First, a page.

Alan Belcher is one of the few fighters to step away from MMA while still being in his prime.
The former UFC middleweight contender ended his career at the age of 29 after battling would-be champion Michael Bisping in 2013 in the co-main event of UFC 159. He lost a technical decision to Bisping that night. New Jersey as he suffered a bad eyeball that ruled him out of the fight.
Belcher was on a four-game, 6-1 winning streak before losing decisions to Bisping and Yushin Okami. While not under ideal circumstances, few saw Belcher’s exit from the sport coming given his age and position in the division. Yet for Belcher, it was the end.
“My mind wasn’t in a good place before,” Belcher told MMA Junkie. “I got really big really fast and I wanted to be a UFC champion really fast. Maybe I wasn’t mature enough to handle things – even injuries.
“How do you know when you have an eye injury whether to stop or fight? The doctor says, ‘Hey, it’s up to you, but here are the risks.’ You weigh those risks and who knows what you’re supposed to do.
“I took a few years off and really learned what I was supposed to do and what makes me happy and stuff like that. I turned things around, and now I’m an older, wiser, smarter, harder-hitting fighter.
Why Belcher returned to combat
Belcher kept his word and did not compete for over eight years. Then, in the spring of last year, it was announced that Belcher had signed a multi-fight contract with BKFC, and was due to make his return in August. This came as a big surprise to many considering his long absence from the fights.
A lot has changed in Belcher’s life that has pushed him towards a comeback.
“I really needed healing and therapy and things like that,” Belcher said. “So a break was needed, a total reset of what I was, who I was, what I was trying to accomplish in my life, and focus on other things to achieve what I had to do.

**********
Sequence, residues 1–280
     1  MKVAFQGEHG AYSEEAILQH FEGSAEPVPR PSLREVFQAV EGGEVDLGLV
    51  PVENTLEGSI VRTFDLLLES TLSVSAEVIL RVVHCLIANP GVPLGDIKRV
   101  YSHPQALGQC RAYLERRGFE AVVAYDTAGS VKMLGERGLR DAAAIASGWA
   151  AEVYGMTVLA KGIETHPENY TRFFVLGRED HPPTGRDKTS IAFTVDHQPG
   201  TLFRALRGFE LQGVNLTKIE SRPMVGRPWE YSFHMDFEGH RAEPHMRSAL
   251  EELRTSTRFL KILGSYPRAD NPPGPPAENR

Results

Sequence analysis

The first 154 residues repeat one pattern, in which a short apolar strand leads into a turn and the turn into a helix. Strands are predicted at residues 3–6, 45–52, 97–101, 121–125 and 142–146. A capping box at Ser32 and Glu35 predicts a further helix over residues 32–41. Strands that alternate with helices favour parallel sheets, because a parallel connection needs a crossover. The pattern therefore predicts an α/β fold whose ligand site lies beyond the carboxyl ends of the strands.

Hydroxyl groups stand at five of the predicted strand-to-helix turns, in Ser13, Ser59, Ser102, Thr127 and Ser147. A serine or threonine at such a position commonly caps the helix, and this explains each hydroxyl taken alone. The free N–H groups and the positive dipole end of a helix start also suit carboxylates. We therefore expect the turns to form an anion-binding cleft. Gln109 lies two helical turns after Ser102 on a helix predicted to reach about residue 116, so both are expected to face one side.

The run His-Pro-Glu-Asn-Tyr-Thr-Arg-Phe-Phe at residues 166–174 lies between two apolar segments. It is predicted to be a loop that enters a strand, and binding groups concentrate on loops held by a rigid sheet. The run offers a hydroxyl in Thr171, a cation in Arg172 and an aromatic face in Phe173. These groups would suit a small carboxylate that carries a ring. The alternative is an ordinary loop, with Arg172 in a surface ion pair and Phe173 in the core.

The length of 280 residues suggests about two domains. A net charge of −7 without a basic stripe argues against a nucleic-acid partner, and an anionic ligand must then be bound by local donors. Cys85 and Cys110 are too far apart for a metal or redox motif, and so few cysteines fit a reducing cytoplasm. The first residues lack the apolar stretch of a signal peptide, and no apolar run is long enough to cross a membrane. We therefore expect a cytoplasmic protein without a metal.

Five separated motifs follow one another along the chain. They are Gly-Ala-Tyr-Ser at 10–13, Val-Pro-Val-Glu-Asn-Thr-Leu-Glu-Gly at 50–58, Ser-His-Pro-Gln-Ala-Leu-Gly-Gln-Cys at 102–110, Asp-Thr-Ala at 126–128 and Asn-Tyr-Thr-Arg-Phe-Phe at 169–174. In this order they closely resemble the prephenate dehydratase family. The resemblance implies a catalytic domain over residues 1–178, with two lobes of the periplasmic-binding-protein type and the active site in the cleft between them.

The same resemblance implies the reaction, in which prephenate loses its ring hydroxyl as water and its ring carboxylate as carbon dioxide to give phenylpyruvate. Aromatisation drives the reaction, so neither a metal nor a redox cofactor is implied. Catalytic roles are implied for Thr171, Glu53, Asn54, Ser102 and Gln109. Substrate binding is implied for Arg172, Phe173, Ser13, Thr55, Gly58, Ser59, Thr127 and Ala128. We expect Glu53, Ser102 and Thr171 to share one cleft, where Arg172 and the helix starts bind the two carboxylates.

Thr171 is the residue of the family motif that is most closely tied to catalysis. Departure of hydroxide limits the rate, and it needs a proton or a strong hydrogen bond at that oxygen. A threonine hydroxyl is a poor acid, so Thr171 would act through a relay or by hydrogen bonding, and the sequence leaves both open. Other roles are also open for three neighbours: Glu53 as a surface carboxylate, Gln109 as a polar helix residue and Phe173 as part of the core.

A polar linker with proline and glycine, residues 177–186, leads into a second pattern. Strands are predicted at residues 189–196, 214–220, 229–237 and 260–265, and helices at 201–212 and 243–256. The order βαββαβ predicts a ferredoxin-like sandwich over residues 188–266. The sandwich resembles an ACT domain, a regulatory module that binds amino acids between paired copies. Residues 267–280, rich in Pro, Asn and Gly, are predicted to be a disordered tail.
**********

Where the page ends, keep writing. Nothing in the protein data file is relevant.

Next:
“I changed things. I changed my ego. I wasn’t a fighter anymore, and I had to be something else. It gives you a different place to watch fighters and fights, so you can go back to your own terms. I thought about it for years, and you’re always going to think about it and regret it, and you don’t want to live your life later with regrets.
“I left a lot on the table with my career, I think. I don’t want to sound too arrogant, but I feel like I’m one of the best fighters in the world. …You always want to know until where you want to go. And for me, it’s my job, to show my children and others. We are capable of doing whatever we want in this world, we are responsible for our reality and manifest our destiny. Once it became clear to me, I was sitting in a nice position. I was wise, my mental health was good, my physical health was good, and I still have athletic strength. So these blends are really good.
With a new mindset and now at heavyweight, Belcher made a successful debut for BKFC, beating combat sports veteran Tony Lopez by unanimous decision.
He followed that up with a boxing debut in November when he stopped Ryan Shough in the second round at a regional promotion in Mississippi. Belcher returned to BKFC in January to claim his second stoppage victory since returning, this time putting Bobo O’Bannon in the first round of their contest.
For the future, “open to everything”
Now Belcher, 38, is set to return on Saturday in what will likely be a title eliminator against Frank Tate in the main event of BKFC Jackson 2 in Mississippi.
Belcher focuses on defeating Tate and then BKFC champion Arnold Adams. But despite his promising career in bare-knuckle boxing, MMA still remains on Belcher’s mind — and he’s not ruling out a comeback.
“I’m really open to anything,” Belcher said. “I know if I come back to MMA I’m going to have a lot of new skills compared to what I’m doing now, mentally being a big part of it.
“In a way, I think I’d do better in MMA than probably boxing and bare-knuckle boxing because now I have better hands and just a better way…a more technical, more methodical type of system for fight and everything. But whatever the payday is, what excites me and what pays off the most. For me, these are big problems for me. If I’m passionate about it, I could do an MMA fight.
“Let’s say I win this (BKFC heavyweight title, and get a couple big boxing days, and that’s fine with me. For my own to-do list, I’d do an MMA fight again, or maybe it all leads to kind of a big crossover fight hopefully what i would like to see once i get the belt will challenge other champions especially like free agents who can do it like Francis Ngannou , challenge these guys to bare-knuckle boxing.